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I'm helping the netadmin here with a perl regex to automate operating on some snapshots from our SAN and our scripts does stuff like this:

varinit1=$(iscsiadm -m session | grep rbmsdata1 | head -n1 | perl -pe 's/^tcp: \[\d*\] \d*\.\d*\.\d*\.\d*:\d*,\d* (iqn\..*\..*\..*:.*-.*-.*-.*-(.*-.*-\d{4}-\d{2}-\d{2}-\d{2}:\d{2}:\d{2}\.\d*\.\d*))$/$1/')

varsnap1=$(iscsiadm -m session | grep rbmsdata1 | head -n1 | perl -pe 's/^tcp: \[\d*\] \d*\.\d*\.\d*\.\d*:\d*,\d* (iqn\..*\..*\..*:.*-.*-.*-.*-(.*-.*-\d{4}-\d{2}-\d{2}-\d{2}:\d{2}:\d{2}\.\d*\.\d*))$/$2/')

There are two pieces in the signature of the snapshot, one nested in the other and we're using the capturing groups to capture the name and a piece of the name for different subsequent commands which need to be performed. I know it's running the same command over and over, and the regex can be cleaned up later, but basically they are using perl to output one parens and and the other.

tcp: [32],1 iqn.2001-05.com.equallogic:4-52aed6-91c5ffa78-2f0d8ae18504fee1-r12prd-rbmsdata1-2012-06-29-16:07:40.108.1
tcp: [33],1 iqn.2001-05.com.equallogic:4-52aed6-91c5ffa78-2f0d8ae18504fee1-r12prd-rbmsdata1-2012-06-29-16:07:40.108.1

Wanting to capture out of that which was the result of the icsiadm and grep to get this:




The problem we're having is that sometimes the piping to head to get the first line is failing with:

head: cannot open '–n1' for reading: No such file or directory

Of course, this appears to indicate that the stdin to head is empty so it's looking for a file name.

But there's no reason for it to ever be empty.

If we do things like this:

varinit1=$(iscsiadm -m session | grep rbmsdata1 | head -n1)
varsnap1=$(iscsiadm -m session | grep rbmsdata1 | head -n1)

the second one will fail and the second variable will be empty.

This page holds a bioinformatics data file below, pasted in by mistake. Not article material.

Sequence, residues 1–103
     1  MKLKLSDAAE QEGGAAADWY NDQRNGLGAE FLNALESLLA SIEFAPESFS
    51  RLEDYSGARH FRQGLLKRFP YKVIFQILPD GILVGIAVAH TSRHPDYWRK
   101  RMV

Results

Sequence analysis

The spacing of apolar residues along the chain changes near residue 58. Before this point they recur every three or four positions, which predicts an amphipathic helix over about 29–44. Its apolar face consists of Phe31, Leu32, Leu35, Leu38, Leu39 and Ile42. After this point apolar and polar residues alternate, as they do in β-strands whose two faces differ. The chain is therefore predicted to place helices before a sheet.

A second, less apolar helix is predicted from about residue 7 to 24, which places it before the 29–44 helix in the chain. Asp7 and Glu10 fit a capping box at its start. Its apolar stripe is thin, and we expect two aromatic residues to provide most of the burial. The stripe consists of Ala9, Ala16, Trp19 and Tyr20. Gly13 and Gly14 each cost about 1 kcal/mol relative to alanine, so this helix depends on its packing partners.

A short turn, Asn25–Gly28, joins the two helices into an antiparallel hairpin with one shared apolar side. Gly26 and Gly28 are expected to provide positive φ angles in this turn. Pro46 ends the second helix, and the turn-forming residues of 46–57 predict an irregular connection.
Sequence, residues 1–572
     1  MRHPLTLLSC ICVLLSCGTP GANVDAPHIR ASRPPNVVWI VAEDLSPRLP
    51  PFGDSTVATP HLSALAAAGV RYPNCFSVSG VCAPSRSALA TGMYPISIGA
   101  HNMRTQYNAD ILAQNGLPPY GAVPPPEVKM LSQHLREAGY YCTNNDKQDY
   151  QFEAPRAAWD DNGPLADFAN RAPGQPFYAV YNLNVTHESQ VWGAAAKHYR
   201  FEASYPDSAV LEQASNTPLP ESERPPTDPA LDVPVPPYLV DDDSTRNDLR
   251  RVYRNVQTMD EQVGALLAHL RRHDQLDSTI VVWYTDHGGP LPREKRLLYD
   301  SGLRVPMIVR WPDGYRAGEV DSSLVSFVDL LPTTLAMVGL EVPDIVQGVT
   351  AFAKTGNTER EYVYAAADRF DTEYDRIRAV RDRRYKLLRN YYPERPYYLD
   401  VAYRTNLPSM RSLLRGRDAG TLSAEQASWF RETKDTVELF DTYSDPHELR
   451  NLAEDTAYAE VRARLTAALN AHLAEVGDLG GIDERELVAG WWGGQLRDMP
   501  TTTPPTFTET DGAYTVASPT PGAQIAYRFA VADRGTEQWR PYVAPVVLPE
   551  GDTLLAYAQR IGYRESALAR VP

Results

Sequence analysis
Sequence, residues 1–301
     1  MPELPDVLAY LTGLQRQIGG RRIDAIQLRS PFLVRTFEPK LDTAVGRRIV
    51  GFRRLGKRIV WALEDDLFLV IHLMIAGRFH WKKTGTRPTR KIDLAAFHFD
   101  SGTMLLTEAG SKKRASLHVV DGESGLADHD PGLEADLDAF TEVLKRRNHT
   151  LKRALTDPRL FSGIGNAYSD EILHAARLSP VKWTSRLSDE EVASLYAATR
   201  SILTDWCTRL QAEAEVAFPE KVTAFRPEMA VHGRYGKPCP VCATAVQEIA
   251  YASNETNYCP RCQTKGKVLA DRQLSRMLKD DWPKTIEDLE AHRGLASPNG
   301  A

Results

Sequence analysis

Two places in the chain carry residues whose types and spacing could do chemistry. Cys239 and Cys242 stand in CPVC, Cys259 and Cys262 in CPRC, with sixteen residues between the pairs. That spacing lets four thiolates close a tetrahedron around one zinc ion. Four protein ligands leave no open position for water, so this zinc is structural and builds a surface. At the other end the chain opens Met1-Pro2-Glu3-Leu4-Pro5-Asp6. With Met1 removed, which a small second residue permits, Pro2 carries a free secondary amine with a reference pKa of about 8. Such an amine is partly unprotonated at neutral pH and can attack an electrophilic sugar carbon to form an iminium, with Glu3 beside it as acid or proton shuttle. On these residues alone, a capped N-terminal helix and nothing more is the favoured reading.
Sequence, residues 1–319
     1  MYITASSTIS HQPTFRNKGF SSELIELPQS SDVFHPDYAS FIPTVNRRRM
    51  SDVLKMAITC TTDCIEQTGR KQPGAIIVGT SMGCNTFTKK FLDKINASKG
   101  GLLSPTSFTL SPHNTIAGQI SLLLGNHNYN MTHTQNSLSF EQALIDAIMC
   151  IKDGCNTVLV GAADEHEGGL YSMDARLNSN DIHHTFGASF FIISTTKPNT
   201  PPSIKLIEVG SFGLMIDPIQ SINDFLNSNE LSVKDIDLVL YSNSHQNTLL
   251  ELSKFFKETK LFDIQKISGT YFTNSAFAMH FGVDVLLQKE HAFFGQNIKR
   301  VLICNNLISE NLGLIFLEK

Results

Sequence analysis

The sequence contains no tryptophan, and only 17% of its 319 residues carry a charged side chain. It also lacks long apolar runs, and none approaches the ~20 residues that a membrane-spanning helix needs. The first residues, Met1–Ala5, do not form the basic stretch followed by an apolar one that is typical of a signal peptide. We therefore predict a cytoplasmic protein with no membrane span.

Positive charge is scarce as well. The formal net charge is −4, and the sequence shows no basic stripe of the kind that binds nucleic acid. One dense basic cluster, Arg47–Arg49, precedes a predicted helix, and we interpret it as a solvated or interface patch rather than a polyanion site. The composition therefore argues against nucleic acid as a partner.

Yet if we reverse them, then varsnap1 will fail:

varsnap1=$(iscsiadm -m session | grep rbmsdata1 | head -n1)
varinit1=$(iscsiadm -m session | grep rbmsdata1 | head -n1)

It's very peculiar and we can't figure out what's going on. The iscsiadm command is returning the same thing each run when we run it from the command-line, and after grepping.

Is there something messing up the piping?

head version 5.97 on RedHat Enterprise Linux

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head: cannot open –n1 for reading: No such file or directory: what version of head is this? – Thor Jul 5 '12 at 20:34
@Thor head version 5.97 on RedHat Enterprise Linux – Cade Roux Jul 5 '12 at 20:35
See if 'head -1' fixes the problem. – ConcernedOfTunbridgeWells Jul 5 '12 at 20:42
@ConcernedOfTunbridgeWells no, same problem even in our repro case – Cade Roux Jul 5 '12 at 20:43
When I run into inexplicably bizarre bugs like this, I always try retyping the key bits (do NOT copy-paste) to rule out the possibly of an invisible garbage character that the command parser is choking on. – jw013 Jul 5 '12 at 20:59
up vote 4 down vote accepted

While your question maybe contains an error (long utf8 dash instead of the normal one):

$ head –n1
head: cannot open ‘–n1’ for reading: No such file or directory
$ head -n1 # ctrl-d

I will supposed that was just a browser thing, since only one occurence was like that. head waits for input when it needs it anyway. Try replacing head -n1 with one of these:

sed -n 1p
awk 'NR==1 {print}' # yay, no potential dash problems

Ok, there are plenty more ways of doing it, but you could also skip that pipe element and just tell grep to return only the first match by adding the -m 1 parameter. Or eliminating two elements and telling perl to operate on the first matching line only.

share|improve this answer
Yes, I think this is it - apparently some of the code was going back and forth through Word for documentation. – Cade Roux Jul 5 '12 at 21:16
Nice, blame Microsoft ... – ypercubeᵀᴹ Jul 5 '12 at 21:18
Really, maintaining Unix documentation with Word is asking for trouble. It tends to screw up the quotes too. I got bitten by this when my publisher did copy-editing in Word before publishing a book. The result was ... lots of errors. – James Youngman Jul 6 '12 at 14:55

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